One-fourth of Social Security disability benefits were improperly awarded, according to a Senate report published last September. Outright fraud accounts for a lot of that. National Review Online thought you might like to put a face to the phenomenon, so here’s our Top Ten list of the most outrageous disability cheaters of the past year:
No. 10: The Marijuana Entrepreneur
In 2011, federal agents raided more than two dozen medical-marijuana businesses in Montana. At the Missoula home and warehouse of Scott Lee Hubeny, 48, they found 243 marijuana plants, several pounds of marijuana, and processing equipment. It was a profitable business: Between January 2010 and April 2011, Hubeny had deposited more than $37,000 into his bank accounts.
But Hubeny wasn’t supposed to be fit to work at all. He’d been collecting disability since 2000, receiving $1,400 a month. The Social Security Administration’s Office of the Inspector General found that while Hubeny was running his lucrative medical-marijuana business, he received thousands in disability benefits from the Social Security Administration.
The marijuana grower pled guilty and was sentenced in May to five years of probation. He also has to pay back the $25,200 he stole from taxpayers.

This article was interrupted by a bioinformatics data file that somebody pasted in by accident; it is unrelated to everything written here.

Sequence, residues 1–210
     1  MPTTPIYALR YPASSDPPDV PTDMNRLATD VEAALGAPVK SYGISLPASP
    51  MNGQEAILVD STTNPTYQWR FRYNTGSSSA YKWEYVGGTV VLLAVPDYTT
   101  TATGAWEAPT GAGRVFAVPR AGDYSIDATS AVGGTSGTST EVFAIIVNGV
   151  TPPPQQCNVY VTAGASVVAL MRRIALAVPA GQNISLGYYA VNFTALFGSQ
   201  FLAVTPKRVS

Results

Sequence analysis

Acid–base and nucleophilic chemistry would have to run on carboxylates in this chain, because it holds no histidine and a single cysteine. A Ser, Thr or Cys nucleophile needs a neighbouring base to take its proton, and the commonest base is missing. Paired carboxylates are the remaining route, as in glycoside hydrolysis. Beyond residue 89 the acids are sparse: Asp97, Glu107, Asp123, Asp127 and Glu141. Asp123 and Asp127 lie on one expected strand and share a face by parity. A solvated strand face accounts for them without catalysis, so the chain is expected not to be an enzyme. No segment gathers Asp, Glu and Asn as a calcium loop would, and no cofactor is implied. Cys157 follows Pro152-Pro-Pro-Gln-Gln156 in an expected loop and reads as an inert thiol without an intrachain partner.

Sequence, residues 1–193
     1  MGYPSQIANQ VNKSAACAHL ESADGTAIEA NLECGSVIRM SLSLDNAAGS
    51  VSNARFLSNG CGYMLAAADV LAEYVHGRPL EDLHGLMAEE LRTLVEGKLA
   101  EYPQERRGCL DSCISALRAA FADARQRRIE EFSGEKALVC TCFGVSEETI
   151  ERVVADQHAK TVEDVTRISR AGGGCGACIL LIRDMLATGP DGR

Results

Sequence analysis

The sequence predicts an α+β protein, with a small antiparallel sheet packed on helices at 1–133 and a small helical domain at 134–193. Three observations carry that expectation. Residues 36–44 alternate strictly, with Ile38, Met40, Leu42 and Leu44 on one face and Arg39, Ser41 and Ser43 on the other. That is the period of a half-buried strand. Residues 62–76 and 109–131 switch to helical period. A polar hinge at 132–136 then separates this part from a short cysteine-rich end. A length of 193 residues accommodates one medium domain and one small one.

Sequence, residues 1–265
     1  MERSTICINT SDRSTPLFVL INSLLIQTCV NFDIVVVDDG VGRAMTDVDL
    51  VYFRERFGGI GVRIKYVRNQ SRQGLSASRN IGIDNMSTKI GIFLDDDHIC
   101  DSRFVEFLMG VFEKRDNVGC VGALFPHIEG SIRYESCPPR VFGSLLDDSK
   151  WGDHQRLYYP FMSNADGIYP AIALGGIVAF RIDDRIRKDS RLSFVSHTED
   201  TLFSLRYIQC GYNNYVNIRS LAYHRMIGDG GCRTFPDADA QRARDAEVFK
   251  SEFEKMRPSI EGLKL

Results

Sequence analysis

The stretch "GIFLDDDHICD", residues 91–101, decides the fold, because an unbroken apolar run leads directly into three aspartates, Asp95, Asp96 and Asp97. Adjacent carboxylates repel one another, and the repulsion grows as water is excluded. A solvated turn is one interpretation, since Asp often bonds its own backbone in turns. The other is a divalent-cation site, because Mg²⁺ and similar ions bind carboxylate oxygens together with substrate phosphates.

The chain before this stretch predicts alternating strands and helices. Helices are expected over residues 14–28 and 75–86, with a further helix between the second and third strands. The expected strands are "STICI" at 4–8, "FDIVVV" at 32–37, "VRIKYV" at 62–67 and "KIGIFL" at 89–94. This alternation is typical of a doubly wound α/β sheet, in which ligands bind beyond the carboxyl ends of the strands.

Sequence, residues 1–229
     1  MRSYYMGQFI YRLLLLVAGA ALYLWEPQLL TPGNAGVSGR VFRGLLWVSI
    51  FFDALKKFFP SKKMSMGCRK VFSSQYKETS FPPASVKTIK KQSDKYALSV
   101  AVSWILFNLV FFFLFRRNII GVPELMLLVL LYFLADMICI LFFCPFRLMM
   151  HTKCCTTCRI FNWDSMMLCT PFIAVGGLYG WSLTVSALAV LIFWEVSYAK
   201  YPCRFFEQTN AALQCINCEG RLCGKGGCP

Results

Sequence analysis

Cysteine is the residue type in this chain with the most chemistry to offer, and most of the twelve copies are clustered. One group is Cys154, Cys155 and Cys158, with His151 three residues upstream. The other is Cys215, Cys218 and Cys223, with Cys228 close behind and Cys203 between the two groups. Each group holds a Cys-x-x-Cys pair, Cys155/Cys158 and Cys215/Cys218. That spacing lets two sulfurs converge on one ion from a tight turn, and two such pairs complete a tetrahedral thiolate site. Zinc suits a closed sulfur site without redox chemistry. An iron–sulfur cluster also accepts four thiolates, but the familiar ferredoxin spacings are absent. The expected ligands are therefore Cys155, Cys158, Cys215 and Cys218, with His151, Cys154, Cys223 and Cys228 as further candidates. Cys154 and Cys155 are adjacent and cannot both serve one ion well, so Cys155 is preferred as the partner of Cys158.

No. 9: The Heir
When Robert Frese, 57, came into a substantial inheritance, he kept it secret. Claiming disability, the Exeter, N.H., man had been receiving Supplemental Security Income, a Social Security program available only for those living in poverty.
When he received his inheritance, Frese allegedly began falsifying the financial documents he was required to submit to the Social Security Administration, hiding his new wealth.
Frese received more than $62,000 before he was caught. He pled guilty in April and faces up to five years in prison, as well as a fine of up to $250,000.
No. 8: The Gambling Conspiracist
Charles Daniel Koss, 63, has some crazy imaginings about government: He reportedly thought that when the U.S. went off the gold standard in 1933, it began using its citizens as collateral for loans. By pledging their newborn baby’s birth certificate, parents could create a secret trust fund within the U.S. Treasury that the child could later access, Koss reportedly thought. The Department of Justice, you will not be surprised to discover, has called this so-called Redemption Theory “totally without merit,” adding that it has “no basis in law or fact.”
Nevertheless, after he’d been caught, Koss tried to repay the stolen money using his nonexistent Treasury account. It was the latest of many mistakes.
Despite claiming that myoneural disorder and hypertension prevented him from holding a job, Koss had long been working as a full-time loan officer. He collected disability payments for more than a decade, receiving more than $212,000.
Koss’s professed health problems didn’t keep him from bowling, boating, golfing, and playing horseshoes. And he was known as a gambler: At one casino, he had reportedly gambled away $260,000, the Kansas City Star reports.